At the very beginning of your business journey, you must have quietly thought to yourself: if only I could somehow manage signing up clients, the rest would be a breeze. Then, clients started flooding your way, your reputation soon preceded your cold calls, and you no longer had to send out emails to potential prospects just to get your business on the map.
As joyful as this transition may have been retrospectively, you now understand that the hurdle of getting clients is certainly not the greatest one a business needs to deal with in its lifetime. In fact, the more you start working with different people, you find out that getting them to actually pay for your goods or services is even more of a challenge than getting them interested to begin with.
Although the struggle of finding work will always be real, you also need to find ways and develop strategies that will help you maintain strong and transparent relationships with your existing clientele. Not only for the sake of their satisfaction, but also for the sake of your sanity and your business stability, financial and otherwise. To help you meander through these murky waters, here are a few tried and tested methods to ensure your clients pay every invoice, preferably in time.
Asking for an advance is common practice
Too often, clients are extremely busy, in the middle of their own turmoil, going after their own clients who are late to pay, and often unaware of the time and effort you’ve invested to deliver what they’ve hired you for. If you’re in the business of creating stunning e-commerce websites, you know that clients often don’t know and even more frequently don’t want to know the intricacies of backend developing and frontend design that goes into that smooth landing page for each product they sell. Let’s not even get into writing appealing copy or optimizing images.
Unfortunately, the end product for them might seem all too effortless, so they prolong their payment while they focus on driving sales on their new site. That is precisely why most modern-day companies that rely on regular client payments actually insist on advances. They add them to contracts as one of those key prerequisites for a collaboration to take place. Try it for yourself and see how it pans out. Maybe this will help you keep your business running smoothly until you receive the rest of the payment, or they’ll at the very least be able to appreciate your work more and learn to pay in time.
Automate the invoicing process
How you invoice your clients may very well be the source of trouble and the cause for late payments, or the complete lack of payments altogether. In fact, the moment you take control of your invoicing process, the better your chances will be to get paid for your work in full, and in time. Implementing invoice financing is a simple, but effective way to improve your invoicing strategy, support your cash flow and prevent issues.
Simply put, this method allows a third party to cover the majority of your outstanding invoice until your clients pay up, so that you can maintain your business without any setbacks. Automating invoices also helps you keep a regular schedule and maintain structure in your payment cycles, so that you give each client enough time to cover their payment.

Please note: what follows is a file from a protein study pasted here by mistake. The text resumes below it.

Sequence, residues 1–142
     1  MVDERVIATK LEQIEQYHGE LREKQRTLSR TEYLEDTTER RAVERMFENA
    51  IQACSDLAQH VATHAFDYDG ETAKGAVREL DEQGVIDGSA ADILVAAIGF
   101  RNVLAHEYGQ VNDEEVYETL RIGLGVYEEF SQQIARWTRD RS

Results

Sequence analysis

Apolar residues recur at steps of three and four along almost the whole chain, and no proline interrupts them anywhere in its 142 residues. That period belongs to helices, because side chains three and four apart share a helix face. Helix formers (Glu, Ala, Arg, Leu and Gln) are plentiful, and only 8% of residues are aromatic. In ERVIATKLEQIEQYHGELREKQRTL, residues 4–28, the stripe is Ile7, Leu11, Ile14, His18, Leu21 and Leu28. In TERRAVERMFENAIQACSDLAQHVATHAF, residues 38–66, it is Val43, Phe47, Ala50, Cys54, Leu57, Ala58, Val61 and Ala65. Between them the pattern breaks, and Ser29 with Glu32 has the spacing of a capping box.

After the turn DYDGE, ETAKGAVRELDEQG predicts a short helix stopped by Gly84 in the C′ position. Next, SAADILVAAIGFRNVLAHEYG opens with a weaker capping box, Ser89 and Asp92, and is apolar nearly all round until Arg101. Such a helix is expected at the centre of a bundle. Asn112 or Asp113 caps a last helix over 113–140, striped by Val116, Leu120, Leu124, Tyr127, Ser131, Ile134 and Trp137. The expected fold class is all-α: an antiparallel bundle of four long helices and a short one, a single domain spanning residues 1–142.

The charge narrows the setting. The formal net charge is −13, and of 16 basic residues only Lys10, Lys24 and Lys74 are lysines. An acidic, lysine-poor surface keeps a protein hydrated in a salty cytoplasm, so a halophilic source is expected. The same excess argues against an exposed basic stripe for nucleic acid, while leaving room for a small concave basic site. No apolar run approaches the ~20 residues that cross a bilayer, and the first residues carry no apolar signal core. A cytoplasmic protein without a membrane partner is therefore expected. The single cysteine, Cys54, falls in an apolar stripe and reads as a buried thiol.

Ironclad contracts matter
Clients will often shower you with attention when they need changes made to your original product or service provided, when they’d like to ask you about any additional features, but you’ll encounter crickets as soon as the question of invoicing pops up. Defining your communication patterns and channels upfront is one of the most reliable ways to ensure that your clients cannot, at least from a legal standpoint, afford not to reply to your emails in a timely manner.
Flexible payment methods, a variety of payment providers, and ensuring that they can pay in installments as well as apply discounts when needed are all fair ways to help your clients cover their bill in time. However, no matter how much you go out of your way to accommodate them, they need to be aware of their responsibility, and preferably in writing. From the moment you start negotiating collaborating with a new client, and before you provide your service, do include detailed descriptions of how payments should be made and how you will pursue any late payments during your collaboration.
Know when to cut your losses
Sometimes, you should give your clients some leeway. Flexibility is the foundation for many long-term collaborations, and showing that you understand their troubles is indeed a great way to earn future referral business. However, sometimes clients just aren’t worthy of your time and effort and they might end up costing you more than they bring you success and stability. In such situations, you need to recognize the moment when it’s time to cut ties with that particular client.
Of course, to make sure that you’re legally protected and that you can indeed stop providing your service to that particular client, make sure that your contract has a clause that specifies the conditions under which you can exit the collaboration. Sometimes, late payment fees, advances, and all of your pleading to the CEO might come to no avail, so it could be best to find new clients.
Slow-paying and no-paying clients can be quite a burden to any business. Take your time to devise a clear road forward for your own business to get paid in time, and in full, and you’ll ensure that your company has a stable future in your industry for years to come.